Donald Trump called the election ‘stolen’ Sunday morning as he tweeted claims from former House Speaker Newt Gingrich that Democrats ‘stole what they had to steal.’
But he avoided using his own voice in a series of tweets, instead highlighting Gingrich – who had appeared on Fox and Friends – and Turley, a registered Democrat who had spoken against Trump’s impeachment as a Republican witness to the House Judiciary Committee.
Almost immediately, the tweets were flagged by Twitter as possible misinformation.
At the same time, Trump left the White House to play golf again, just like he did on Saturday.
The tweets suggest that Trump is not backing down or planning to concede despite signs he is already fracturing his family with his sons and Jared Kushner at odds over whether he should concede.
But Sunday morning also saw his personal attorney Rudy Giuliani aggressively claim he will contest the election, telling Fox News’ Maria Bartiromo that he had ‘four or five’ lawsuits which would be ready by the end of the week.
He claimed Republican observers were not allowed close enough to see mail-in ballots being processed in Philadelphia and Pennsylvania, and that dead people in Philadelphia had voted in the past.
He also claimed that he would sue in Nevada, which has been called for Biden, without specifying how. Asked ‘where is Bill Barr on this?’ – a reference to the attorney general, who in theory at least could investigate allegations of mass-scale vote rigging – he said: ‘I don’t know and I can’t worry about that.’
Another key member of Trump’s kitchen cabinet, South Carolina senator Lindsey Graham, used the same show to tell the president not to concede.
‘If we don’t challenge and change the U.S. election system, there will never be another Republican president elected again,’ he claimed.
Gingrich’s claims the election was corrupt came from a Fox & Friends interview in which he called Democrats ‘corrupt’ and claimed the outcome was a ‘left-wing power grab.’
Fore: Donald Trump headed for the golf course again Sunday perhaps hoping for a better 18 holes than Saturday when he was told he was defeated not long after teeing off
Not backing down… yet: Donald Trump’s family appears badly split over what to do now with his sons tweeting a fusillade of claims of fraud but Jared Kushner telling him to give up the fight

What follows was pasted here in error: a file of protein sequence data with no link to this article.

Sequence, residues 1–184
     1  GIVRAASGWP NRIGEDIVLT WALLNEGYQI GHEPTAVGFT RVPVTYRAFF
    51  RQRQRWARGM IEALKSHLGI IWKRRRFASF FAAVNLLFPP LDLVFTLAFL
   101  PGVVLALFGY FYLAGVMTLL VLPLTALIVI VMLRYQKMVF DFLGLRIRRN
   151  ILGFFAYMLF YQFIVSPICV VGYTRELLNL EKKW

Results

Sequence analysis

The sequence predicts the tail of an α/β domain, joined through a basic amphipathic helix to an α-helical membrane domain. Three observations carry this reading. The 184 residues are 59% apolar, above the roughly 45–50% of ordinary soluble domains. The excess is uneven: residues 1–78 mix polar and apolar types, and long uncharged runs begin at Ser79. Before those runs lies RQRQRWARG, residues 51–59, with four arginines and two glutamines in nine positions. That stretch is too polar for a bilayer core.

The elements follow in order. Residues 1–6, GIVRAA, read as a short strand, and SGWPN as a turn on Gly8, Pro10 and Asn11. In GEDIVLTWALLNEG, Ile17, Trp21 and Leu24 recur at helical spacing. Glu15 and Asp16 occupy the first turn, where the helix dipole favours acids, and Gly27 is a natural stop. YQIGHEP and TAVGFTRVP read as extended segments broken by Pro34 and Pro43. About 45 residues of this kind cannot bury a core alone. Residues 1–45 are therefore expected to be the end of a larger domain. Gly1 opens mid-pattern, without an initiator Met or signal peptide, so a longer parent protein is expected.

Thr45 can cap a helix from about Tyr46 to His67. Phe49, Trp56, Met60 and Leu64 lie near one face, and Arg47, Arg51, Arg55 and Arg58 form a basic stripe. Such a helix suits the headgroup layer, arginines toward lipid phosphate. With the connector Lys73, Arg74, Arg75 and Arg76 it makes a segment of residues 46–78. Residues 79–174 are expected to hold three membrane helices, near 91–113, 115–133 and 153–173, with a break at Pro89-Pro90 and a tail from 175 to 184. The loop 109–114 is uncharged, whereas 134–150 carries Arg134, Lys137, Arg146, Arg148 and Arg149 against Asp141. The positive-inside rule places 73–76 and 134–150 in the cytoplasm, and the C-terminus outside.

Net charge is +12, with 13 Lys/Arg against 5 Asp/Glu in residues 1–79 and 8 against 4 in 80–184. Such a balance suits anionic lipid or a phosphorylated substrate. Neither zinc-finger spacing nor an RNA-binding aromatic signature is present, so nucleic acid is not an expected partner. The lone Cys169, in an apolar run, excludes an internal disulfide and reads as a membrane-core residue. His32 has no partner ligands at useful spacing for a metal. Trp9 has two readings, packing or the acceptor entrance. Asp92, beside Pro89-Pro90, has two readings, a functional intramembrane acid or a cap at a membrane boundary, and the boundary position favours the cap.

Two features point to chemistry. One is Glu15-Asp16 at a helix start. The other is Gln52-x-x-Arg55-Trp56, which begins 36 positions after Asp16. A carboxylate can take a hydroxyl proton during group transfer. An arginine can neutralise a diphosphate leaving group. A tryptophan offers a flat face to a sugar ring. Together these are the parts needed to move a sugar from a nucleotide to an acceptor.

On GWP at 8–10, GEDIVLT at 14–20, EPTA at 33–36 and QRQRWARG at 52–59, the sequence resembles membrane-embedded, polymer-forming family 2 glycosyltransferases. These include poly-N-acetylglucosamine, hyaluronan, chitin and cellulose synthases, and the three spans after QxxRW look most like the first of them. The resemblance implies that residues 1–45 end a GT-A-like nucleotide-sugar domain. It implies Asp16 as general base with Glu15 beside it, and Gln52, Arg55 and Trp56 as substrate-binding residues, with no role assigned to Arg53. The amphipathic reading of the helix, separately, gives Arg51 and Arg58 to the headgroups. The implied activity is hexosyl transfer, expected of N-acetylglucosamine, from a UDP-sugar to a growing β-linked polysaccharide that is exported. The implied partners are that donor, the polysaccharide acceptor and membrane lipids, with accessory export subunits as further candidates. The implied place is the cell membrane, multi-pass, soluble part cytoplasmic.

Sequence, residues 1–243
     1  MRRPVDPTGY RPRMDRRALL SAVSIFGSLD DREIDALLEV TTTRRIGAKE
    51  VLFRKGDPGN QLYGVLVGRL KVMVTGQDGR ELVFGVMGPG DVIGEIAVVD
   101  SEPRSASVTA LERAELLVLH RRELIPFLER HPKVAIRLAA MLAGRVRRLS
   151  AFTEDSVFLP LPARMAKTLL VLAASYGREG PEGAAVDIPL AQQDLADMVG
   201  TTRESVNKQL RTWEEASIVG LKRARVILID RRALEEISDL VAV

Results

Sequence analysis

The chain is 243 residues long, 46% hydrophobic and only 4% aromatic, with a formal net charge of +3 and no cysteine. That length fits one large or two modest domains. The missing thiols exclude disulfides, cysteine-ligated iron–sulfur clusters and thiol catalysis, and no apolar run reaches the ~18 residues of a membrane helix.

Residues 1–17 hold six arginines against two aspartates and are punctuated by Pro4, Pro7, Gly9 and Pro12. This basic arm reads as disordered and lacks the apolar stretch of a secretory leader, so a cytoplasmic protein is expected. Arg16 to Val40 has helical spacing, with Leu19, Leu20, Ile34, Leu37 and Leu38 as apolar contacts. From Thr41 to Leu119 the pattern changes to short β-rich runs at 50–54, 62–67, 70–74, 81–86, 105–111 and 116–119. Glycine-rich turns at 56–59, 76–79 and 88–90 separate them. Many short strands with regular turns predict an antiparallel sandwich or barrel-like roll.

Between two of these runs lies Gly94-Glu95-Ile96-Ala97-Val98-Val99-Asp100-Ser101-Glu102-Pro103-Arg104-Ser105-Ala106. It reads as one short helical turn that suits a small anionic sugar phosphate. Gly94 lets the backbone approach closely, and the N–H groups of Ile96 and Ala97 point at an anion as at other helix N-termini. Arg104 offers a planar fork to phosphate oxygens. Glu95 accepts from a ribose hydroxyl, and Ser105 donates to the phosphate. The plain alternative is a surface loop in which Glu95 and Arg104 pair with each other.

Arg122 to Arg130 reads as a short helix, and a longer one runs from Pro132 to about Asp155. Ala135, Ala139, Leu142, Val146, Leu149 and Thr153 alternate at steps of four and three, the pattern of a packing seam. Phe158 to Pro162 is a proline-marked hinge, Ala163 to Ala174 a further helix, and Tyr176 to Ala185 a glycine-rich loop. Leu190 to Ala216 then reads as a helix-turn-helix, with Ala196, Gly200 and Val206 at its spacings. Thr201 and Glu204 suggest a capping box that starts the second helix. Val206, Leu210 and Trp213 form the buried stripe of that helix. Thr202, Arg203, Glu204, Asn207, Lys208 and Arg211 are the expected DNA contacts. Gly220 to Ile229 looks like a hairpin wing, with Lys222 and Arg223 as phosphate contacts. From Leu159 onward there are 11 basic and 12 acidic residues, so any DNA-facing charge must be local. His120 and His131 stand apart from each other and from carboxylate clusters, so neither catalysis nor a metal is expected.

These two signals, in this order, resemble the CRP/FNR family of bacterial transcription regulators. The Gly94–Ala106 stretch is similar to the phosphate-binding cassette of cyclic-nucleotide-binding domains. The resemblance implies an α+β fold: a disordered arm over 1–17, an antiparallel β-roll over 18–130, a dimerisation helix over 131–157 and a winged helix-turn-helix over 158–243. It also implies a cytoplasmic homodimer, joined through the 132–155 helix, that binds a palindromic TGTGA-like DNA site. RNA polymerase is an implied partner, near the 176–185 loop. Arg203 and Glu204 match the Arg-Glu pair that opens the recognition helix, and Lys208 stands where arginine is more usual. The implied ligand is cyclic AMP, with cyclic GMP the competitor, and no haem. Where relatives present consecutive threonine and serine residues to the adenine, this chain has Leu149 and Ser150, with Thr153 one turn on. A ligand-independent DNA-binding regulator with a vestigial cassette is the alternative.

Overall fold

Get the message? Donald Trump was followed by protesters as he arrived at his club in Sterling, Virginia, to golf
Trump quoted Newt Gingrich on Fox & Friends in his tweet. The best pollster in Britain was in fact an American right-win think tank commentator, Patrick Barsham, who works for the Cato Institute in Washington D.C. but was writing in the Sunday Express in the UK
Another voice: Jonathan Turley is a law professor and registered Democrat who has backed Trump repeatedly
Gingrich had spent Saturday at the same Trump golf course where the president was golfing when he was told that TV networks and the Associated Press had called the election and that he was defeated. It is unknown if the two men spoke there.
Trump also amplified claims by Turley, a law professor, about fraud, specifically in Pennsylvania, which is the state which pushed Biden over the top to his electoral college majority.
Turley suggested that there could be a problem ‘authenticating’ ballots received after Tuesday and that this could affect the result of ‘the whole election.’
The claim is difficult to assess. Pennsylvania had already separated the late-arriving ballots, and it is so far not known how many there are and whether there enough to sway the election’s outcome.
Trump’s eldest sons launched a fusillade of morning tweets claiming their father’s defeat was fraudulent Sunday, in a sign of a split from their brother-in-law Jared Kushner.